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Text of THE RELATIONSHIP BETWEEN REWARDS AND TEACHERS' silva_mary_lourett_philo.pdfTHE RELATIONSHIP BETWEEN

THE RELATIONSHIP BETWEEN REWARDS AND TEACHERS' MOTIVATIONAL ORIENTATIONS TOWARDS PROFESSIONAL DEVELOPMENT

Mary Lourett Philo D'Silva

A dissertation submitted in partial fblfilment of the requirements for the degree of Masters of Science

Faculty of Cognitive Science and Human Development UNIVERSITI MALAYSIA SARAWAK

July 1997

Administrator

DECLARATION

No portion of the work referred to in this dissertation has been submitted in support

of an application for another degree of qualification of this or any other university or

institution of higher learning.

ACKNOWLEDGEMENTS

I am very grateful to the following special people who have made my pursuit of

learning possible and meaningful:

- Dr Ibrahim Ahmad Bajunid, the Director of Institute Aminuddin

Baki, Genting Highlands, for the inspiration given to be 'life-long

learners'.

- Tuan Haji Noor Bakar, the manager of the program, for the

guidance and advice given.

- Professor Dr Razali AroR the Dean of the Faculty of Cognitive

Science, UNIMAS, Sarawak, for showing concern and interest in

our program.

- Dr Farid Meziane, for being a wonderfully caring person, a good

teacher, a superb adviser and valuable friend.

- Dr Abang A. Ridman, for listening to all my troubles and

encouraging me to keep going on.

- Dr Hazrnan Shah & Dr Maheswary Kandasamy, for the help given

when 1 was starting on my thesis project.

- a1 the other lecturers who taught us, for giving us guidance and

help.

God the Almighty had put some very caring and loving relatives in my life to enable

me to continue with my studies :

- My mother, Christina George,

- My husband, Canute Januarius Magimay

- My mother-in-law, Mary Lourdes Magimay,

- My children, Jeanelle, Jeremiah Joseph and Jessica Anne,

- My brothers, Godwin and Bernard,

- My sisters Susan, Annet and Priya,

- My brother-in-law, Father Ferdinand Magiinay,

- My sister-in-law, Lydwina Magimay,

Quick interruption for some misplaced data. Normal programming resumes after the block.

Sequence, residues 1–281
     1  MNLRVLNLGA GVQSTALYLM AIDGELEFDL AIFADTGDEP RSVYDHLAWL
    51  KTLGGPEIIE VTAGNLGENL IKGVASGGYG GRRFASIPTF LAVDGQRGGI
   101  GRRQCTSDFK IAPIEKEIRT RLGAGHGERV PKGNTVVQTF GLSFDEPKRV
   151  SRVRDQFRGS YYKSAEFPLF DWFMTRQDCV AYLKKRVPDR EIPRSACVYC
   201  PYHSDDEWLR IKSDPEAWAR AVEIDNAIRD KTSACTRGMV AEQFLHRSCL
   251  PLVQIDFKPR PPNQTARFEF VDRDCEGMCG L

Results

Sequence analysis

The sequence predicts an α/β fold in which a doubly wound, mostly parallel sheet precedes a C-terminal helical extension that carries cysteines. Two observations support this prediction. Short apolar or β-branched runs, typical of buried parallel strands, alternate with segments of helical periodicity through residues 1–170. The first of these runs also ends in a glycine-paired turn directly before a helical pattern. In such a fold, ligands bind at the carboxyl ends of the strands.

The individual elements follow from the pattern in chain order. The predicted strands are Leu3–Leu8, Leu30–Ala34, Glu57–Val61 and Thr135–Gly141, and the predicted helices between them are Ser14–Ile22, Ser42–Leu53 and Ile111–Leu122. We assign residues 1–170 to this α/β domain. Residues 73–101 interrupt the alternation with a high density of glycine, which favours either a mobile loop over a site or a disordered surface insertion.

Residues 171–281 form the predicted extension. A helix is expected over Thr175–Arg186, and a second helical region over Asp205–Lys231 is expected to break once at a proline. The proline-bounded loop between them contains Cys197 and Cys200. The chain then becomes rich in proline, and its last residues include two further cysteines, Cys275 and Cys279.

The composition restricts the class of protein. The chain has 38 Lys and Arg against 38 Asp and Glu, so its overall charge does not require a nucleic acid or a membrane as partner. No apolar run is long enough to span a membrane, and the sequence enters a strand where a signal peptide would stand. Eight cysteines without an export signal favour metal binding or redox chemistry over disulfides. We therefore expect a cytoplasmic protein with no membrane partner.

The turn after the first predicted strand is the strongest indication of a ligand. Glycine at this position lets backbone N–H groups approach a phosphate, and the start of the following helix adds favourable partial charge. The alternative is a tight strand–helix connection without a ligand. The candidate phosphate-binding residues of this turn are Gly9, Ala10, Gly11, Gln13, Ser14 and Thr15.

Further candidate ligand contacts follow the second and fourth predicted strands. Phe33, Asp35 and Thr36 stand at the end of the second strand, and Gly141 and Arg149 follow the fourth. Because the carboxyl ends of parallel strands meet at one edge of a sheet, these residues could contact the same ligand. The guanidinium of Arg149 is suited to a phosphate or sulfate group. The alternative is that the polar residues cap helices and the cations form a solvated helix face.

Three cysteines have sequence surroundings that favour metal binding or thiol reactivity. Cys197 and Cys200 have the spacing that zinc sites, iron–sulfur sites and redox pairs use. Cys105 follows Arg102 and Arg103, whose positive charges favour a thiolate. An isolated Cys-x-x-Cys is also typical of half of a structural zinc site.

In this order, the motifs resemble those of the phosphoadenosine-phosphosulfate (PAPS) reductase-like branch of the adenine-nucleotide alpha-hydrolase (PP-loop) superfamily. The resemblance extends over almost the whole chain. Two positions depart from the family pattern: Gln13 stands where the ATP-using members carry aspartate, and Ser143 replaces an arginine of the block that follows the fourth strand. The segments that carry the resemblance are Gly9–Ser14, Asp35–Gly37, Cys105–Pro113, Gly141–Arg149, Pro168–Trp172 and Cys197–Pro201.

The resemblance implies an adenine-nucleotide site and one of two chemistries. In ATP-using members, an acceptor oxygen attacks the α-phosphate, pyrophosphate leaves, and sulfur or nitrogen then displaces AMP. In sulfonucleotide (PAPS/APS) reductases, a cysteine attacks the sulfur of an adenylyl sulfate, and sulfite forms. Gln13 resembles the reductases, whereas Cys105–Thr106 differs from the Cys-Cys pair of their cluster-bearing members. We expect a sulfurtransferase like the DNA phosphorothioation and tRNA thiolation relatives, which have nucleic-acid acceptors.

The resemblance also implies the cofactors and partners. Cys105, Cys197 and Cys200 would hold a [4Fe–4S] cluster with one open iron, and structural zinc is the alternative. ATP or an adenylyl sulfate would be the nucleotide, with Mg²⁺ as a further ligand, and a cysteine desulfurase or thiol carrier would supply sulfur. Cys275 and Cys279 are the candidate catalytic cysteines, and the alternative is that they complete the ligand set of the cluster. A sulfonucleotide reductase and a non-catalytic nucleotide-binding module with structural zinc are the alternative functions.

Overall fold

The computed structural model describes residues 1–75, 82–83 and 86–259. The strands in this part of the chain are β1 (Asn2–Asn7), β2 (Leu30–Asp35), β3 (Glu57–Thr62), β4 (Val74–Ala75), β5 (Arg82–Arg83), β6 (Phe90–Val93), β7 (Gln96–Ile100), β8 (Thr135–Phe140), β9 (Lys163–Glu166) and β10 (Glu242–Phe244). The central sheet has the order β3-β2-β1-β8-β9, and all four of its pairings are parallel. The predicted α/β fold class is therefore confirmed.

The moral support and encouragement given have been very instrumental in

making me persevere through this one year

T also wish to extend my deepest gratitude to the following people

- Mr Mahalingam of University Malaya, for patiently translating my

questionnaire and helping me in many matters

- My dear friend Ding Eng Na, for the loving concern shown

towards Jeanelle and for guiding her in her studies in my absence

- My friends in Sekolah Menengah Batu Lapan, Puchong, for being

my 'guineapigs' without hesitation

- And especially to Ms Bridget Jayatilaka and Mrs Vasuthevan, for

being supportive and very helpful

- A11 the teachers who participated by answering the research

questionnaire.

- My fellow cohort members for making this year of study a very

eventful and tnemorable one.

DEDICATION

'This thesis is dedicated to the memory o f my late father, Rejohn George D7Silva, who

has and will always be my inspiration to go that extra mile and be somebody different

TABLE OF CONTENTS

Contents PAGE NO

ACKNOWLEDGEMENTS . . . 111

IDEDICATlON v LIST OF TABLES ix LIST OF FIGURES x

I

ABSTRACT xi ABSTRAK xiii CIIAPTER INTRODUCTION 1

1 1.1 Background 1 1.2 Statement of the Problem 4 1.3 Purpose of the Study 6 1 4 Objectives 7 1 5 Hypothesis 7 1.6 Limitations and Assumptions of the Study 8

2 LITERATURLE REVIEW 9 2.1 Introduction 9 2.2 The Importance of Teacher Development 10 2 3 The Concept of Motivation 16

2.3.1 The Measurement of Motivation 17 2 3.2 Theories on Motivation 20

2.3.2.1 Maslow's Hierarchy of Needs 2 1 2.3.2.2 Alderfer's ERG Theory 23 2.3.2.3 Herzberg's Two Factor Theory of 24

Motivation 2 3.2.4 Achievement Motivation Theory 27 2.3 2 5 Cognitive Theories of Motivation 28 2 3.2.6 Recent Theories 3 5

2 3 3 Intrinsic and Extrinsic Motivation 36 2.3 4 Summary 3 8

2 4 Motivational Orientations 39 2.5 Rewards 44

2.5 1 Reward Philosophy 44 2 5 2 Areas for Non-financial Motivation 45

2 5 2 1 Achievement 4 5 P

2.5.2.2 Recognition 46 2.5 2.3 Responsibility 46

2.5.3 Rewards and Incentives 49 2 5 4 Controversy 50 2.5 5 Rewards Found in Teaching 5 1 2.5.6 Research on Job Satisfaction and Rewards System 52

in Malaysia 3 MF,THODS AND PROCEDURES 5 4

3.1 Introduction 5 4

3 2 Design of Study 54 3.3 Theoretical and Conceptual Models of the Study 5 5 3.4 Sample 56 3.5 Development of the Instrument 5 7 3 6 Validation 58 3.7 Collection of Data 5 8 3.8 Analysis of Data 5 9

3.8.1 Factor Analysis 59 3.8.2 Pearson's Correlation 60